Lightweight, Handheld X-Ray Devices Based on Graphene

Lightweight, Handheld X-Ray Devices Based on Graphene - Featured Graphene Medical research
New X-ray technology assisted by could lead to light-weight, tissue targeted machines.

A breakthrough between MIT and Singapore Institute of Manufacturing researchers may pave the way for handheld X-ray devices.

The team used graphene to replace the traditional bulky X-ray tubes you find in doctor’s offices, which scatter the high-frequency electromagnetic waves in all directions. This approach can be inefficient and sometimes raises radiation safety concerns. reports graphene, in this , is used to ‘support plasmons, collections of electronic oscillations that can be used to confine and manipulate electromagnetic radiation on the ten-nanometre scale.’”

Because of the 1-atom thick nature of pure graphene, the new technology could lead to light-weight, X-ray sources. says: ‘X-ray tube sources ‘cannot be tuned for particular applications where a very specific frequency might benefit a particular analysis. Currently, different devices are needed for each frequency that a radiographer or researcher will need.’ Graphene assisted X-ray machines, on the other hand ‘could be built as a bench-top or even handheld device for a wide range of applications.’”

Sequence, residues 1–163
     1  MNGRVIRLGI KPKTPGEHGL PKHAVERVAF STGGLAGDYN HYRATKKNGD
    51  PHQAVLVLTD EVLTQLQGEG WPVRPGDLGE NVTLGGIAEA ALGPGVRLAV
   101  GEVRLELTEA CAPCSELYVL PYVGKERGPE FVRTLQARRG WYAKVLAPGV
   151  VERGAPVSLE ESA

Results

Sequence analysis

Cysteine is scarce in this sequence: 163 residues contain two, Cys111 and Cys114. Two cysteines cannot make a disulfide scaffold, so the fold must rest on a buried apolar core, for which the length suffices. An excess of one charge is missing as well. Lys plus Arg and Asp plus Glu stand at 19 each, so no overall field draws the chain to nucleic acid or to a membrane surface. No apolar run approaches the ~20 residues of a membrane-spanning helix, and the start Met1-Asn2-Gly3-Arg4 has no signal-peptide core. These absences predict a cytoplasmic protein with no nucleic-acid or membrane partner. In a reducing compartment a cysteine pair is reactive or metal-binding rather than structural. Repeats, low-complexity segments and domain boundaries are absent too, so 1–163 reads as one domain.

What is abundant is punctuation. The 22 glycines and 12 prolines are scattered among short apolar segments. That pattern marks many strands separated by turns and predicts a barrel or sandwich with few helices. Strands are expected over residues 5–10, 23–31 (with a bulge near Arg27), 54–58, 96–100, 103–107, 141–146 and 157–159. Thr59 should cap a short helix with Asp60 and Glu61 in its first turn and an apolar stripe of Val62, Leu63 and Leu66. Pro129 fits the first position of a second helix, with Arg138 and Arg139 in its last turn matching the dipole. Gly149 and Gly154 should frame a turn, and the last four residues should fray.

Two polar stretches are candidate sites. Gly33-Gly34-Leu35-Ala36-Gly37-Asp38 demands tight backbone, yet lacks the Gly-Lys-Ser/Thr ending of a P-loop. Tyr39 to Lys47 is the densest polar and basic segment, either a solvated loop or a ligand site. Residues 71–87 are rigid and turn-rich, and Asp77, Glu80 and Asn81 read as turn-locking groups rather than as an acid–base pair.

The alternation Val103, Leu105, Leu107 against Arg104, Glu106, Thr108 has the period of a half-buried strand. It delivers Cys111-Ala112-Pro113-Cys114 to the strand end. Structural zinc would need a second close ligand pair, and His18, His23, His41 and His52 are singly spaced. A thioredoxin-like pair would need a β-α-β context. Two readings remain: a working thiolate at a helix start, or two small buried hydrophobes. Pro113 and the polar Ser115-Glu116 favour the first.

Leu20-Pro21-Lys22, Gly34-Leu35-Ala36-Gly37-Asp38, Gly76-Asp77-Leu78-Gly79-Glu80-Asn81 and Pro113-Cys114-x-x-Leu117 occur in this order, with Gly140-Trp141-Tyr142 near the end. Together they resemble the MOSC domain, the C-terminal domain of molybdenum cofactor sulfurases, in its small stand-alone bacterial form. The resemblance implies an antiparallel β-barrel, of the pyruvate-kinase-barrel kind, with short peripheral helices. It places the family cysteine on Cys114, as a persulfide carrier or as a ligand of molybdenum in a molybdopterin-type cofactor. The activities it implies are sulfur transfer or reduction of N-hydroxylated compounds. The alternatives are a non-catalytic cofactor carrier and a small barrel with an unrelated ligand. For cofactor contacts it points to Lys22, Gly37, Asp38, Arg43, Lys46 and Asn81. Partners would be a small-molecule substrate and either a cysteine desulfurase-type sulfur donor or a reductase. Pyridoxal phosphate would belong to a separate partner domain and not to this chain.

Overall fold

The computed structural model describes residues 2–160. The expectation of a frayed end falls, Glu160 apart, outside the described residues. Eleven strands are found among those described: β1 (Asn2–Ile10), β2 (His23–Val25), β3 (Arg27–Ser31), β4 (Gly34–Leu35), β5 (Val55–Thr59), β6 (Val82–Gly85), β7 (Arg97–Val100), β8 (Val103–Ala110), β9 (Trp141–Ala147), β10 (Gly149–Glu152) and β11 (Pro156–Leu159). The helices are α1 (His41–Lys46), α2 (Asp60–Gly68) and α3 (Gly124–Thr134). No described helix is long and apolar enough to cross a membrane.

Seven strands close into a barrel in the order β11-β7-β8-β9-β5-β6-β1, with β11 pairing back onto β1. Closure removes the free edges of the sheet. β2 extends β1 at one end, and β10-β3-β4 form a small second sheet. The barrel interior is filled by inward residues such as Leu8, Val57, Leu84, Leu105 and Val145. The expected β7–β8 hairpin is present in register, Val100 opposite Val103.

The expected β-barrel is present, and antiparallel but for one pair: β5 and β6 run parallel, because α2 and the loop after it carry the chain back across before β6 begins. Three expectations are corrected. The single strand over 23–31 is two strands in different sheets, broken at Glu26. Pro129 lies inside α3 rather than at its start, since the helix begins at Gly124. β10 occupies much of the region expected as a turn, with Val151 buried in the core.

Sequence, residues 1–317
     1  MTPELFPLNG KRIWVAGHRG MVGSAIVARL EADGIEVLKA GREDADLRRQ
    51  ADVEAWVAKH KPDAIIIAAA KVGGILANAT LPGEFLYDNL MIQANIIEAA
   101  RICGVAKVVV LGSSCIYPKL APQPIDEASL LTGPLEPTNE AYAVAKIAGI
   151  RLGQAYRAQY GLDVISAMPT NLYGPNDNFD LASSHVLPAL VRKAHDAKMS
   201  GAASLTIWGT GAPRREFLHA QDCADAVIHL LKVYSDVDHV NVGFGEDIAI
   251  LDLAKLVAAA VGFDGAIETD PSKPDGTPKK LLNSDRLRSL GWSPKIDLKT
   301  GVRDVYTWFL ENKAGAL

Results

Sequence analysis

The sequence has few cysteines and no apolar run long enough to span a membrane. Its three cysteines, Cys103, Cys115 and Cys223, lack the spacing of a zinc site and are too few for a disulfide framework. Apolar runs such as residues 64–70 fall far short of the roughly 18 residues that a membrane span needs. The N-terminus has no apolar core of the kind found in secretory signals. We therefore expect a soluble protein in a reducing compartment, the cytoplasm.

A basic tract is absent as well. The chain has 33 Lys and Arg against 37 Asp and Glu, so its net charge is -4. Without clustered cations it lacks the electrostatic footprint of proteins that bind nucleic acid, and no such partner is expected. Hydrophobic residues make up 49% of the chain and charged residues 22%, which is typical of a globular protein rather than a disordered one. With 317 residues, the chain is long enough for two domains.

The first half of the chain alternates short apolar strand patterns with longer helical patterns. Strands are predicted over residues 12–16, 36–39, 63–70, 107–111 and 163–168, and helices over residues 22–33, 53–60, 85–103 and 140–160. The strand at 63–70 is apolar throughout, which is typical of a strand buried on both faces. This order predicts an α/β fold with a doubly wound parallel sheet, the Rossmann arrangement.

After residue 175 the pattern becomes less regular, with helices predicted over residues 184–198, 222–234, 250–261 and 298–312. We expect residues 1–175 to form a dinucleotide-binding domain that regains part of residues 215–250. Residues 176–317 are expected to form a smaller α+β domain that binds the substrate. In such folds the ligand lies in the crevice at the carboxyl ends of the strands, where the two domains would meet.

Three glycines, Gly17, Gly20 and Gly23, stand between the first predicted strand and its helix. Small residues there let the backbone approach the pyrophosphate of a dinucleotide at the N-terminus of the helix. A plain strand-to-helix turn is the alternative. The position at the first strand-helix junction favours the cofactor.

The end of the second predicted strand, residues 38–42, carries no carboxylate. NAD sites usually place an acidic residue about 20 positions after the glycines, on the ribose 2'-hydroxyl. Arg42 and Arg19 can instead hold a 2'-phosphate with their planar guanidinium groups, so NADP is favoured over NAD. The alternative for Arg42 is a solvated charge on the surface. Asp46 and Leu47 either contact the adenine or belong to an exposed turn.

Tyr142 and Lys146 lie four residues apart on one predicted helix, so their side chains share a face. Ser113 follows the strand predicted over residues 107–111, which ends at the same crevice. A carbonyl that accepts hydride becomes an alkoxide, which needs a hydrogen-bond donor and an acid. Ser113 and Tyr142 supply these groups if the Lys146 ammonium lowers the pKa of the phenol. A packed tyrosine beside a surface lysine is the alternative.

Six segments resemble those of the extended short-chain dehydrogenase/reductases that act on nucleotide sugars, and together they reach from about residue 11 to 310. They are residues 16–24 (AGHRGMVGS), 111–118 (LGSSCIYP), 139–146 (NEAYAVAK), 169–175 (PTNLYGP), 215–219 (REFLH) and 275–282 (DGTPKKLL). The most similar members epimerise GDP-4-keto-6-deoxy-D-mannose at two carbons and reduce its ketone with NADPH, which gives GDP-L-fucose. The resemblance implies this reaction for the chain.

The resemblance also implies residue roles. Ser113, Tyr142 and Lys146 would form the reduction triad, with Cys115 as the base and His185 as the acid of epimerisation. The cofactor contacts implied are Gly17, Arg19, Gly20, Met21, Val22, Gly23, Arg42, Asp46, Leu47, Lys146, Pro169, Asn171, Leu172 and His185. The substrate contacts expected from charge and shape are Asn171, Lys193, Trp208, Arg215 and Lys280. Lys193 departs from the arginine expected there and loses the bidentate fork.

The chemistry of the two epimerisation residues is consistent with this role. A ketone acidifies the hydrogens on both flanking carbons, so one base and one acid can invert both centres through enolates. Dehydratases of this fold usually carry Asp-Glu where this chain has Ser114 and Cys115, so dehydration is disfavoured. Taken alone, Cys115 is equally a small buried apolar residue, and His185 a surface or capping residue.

A tuneable, pointable X-ray source would reduce costs and be useful in targeting cancerous tumors without damaging surrounding healthy tissue.

“As quoted in, SIMTech’s Liang Jie Wong explains: ‘Although there is a long way to go to actual realization, this is a very exciting research direction. Developing an intense X-ray source that can fit on a table or be held in one’s hand would potentially revolutionize many areas of science and technology.’”